2. You are not alone in thinking that way. Yet I don’t hear the Carling Avenue proposal being rejected because a considerable length is along the Experimental Farm, which will not be intensively developed for condos, etc.

    What if the LRT went along Richmond/Byron – are you advocating that the first six blocks south of McKeller Park be rezoned for highrises? If not, then there is minimal room for intensification South of that line … which is the same criticism of no development space North of the River line …

    Whether the line runs on the River or Byron, I suspect the radius circles for walk in potential will cover very similar numbers of people. But I do think walking to Byron is more attractive than walking towards the River, if only because it will be more urban, populated, and less windy.

    As part of the route selection process, the study team is measuring the amount of “up zoning” or intensification that can be built with x meters of each station. I suspect we will be surprised to find out that some routes have more/less than we foresee.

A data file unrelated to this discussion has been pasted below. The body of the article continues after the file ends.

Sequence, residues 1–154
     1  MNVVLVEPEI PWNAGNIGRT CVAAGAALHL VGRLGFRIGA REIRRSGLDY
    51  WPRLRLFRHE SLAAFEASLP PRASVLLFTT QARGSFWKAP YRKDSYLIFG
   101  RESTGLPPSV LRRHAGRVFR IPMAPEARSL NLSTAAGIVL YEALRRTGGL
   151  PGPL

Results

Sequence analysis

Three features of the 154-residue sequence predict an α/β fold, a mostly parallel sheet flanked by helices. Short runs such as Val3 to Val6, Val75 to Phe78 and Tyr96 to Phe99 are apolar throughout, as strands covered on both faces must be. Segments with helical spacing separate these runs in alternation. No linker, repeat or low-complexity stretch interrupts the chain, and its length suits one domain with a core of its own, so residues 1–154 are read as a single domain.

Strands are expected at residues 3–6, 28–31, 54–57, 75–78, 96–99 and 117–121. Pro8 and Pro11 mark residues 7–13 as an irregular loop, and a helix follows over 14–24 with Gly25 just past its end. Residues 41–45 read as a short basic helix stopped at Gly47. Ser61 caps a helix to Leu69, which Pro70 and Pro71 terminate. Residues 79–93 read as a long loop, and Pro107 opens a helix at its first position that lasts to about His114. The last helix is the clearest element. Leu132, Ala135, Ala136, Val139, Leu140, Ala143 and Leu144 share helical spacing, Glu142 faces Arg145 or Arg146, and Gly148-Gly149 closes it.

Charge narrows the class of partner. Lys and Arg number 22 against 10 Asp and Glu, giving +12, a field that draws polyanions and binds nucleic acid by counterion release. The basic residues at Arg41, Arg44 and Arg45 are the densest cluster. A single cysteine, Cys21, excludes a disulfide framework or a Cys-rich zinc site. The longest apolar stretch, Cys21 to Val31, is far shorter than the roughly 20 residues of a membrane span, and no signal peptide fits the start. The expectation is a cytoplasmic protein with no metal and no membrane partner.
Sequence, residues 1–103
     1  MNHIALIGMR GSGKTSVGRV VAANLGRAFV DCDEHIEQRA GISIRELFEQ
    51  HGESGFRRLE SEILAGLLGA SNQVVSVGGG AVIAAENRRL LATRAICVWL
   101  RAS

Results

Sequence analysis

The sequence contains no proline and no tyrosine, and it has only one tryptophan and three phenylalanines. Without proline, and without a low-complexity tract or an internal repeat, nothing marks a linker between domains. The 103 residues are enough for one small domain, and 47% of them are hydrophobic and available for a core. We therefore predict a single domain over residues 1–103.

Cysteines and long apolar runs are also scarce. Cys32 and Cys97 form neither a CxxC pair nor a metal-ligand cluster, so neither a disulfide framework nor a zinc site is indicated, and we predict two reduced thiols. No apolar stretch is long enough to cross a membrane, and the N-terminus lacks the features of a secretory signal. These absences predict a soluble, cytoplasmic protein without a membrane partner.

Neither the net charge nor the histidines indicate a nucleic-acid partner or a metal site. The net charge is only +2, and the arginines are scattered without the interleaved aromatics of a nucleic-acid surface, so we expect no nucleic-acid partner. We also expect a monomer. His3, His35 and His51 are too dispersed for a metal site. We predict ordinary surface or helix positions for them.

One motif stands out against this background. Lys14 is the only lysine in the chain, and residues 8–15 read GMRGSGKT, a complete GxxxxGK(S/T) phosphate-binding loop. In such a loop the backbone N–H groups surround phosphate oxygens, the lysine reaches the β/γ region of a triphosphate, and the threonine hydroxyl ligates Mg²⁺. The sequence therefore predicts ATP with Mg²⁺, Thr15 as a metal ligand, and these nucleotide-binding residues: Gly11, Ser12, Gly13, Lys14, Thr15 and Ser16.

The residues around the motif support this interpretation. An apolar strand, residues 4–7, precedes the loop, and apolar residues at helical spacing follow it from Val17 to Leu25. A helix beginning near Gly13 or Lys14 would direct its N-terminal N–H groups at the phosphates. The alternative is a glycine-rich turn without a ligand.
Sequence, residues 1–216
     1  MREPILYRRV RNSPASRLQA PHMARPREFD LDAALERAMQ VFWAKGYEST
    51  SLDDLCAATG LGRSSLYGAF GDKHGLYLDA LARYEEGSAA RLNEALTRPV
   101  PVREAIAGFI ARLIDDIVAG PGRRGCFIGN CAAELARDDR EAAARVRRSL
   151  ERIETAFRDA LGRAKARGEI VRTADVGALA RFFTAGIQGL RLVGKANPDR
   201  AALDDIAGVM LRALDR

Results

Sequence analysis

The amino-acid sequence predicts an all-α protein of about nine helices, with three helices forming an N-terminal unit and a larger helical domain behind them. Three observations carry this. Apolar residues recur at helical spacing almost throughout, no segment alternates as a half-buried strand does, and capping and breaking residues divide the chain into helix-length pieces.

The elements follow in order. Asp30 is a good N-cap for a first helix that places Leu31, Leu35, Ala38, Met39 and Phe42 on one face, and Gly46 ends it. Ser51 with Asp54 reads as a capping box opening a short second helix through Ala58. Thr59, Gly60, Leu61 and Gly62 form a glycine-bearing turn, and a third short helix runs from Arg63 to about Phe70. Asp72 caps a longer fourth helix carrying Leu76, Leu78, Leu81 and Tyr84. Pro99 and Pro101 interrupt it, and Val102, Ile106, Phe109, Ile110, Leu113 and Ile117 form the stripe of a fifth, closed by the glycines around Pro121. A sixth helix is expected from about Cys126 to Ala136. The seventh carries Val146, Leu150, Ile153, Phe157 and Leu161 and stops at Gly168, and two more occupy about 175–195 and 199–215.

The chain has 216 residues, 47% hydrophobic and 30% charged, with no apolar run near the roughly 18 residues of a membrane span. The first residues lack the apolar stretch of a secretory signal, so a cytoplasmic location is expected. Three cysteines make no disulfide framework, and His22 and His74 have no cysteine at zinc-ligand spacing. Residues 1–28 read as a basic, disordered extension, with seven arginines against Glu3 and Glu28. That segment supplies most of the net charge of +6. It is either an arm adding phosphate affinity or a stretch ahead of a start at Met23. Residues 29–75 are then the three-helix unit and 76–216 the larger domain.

There was a lady at the last meeting who felt there was little intensification potential along Richmond, as all the lands are already in use. Obviously, she could not imagine a car dealership becoming a high rise… but i suspect the Dilawri clan would love to spend winters in Hawaii … And all those strip malls and other properties are all redevelopable.

    1. Hadn’t thought about the wind.

      That’s another reason I just can’t see the parkway option flying.

      If they built it there and reduced bus service along Holland, I would almost certainly begin taking my car instead of riding the bus as I currently do.

      Whatever route is adopted, there will need to be high-rises built near the stations. That is the only way to get sufficient ridership, reduction of sprawl, and reduction of traffic.

      Otherwise, we will get even more poorly planned, if not random, high-rise clusters, and streets like Sherwood Drive will start to look like the fiasco that is Island Park Drive.

    2. I draw a distinction between intensification and density. In comparing ORP and Richmond corridors, the area between them would be local to the LRT line regardless of which path is chosen. And the area south of Richmond may not have as much intensification potential as we would like, but it does already have a population density greater than zero. North of the ORP the density is zero.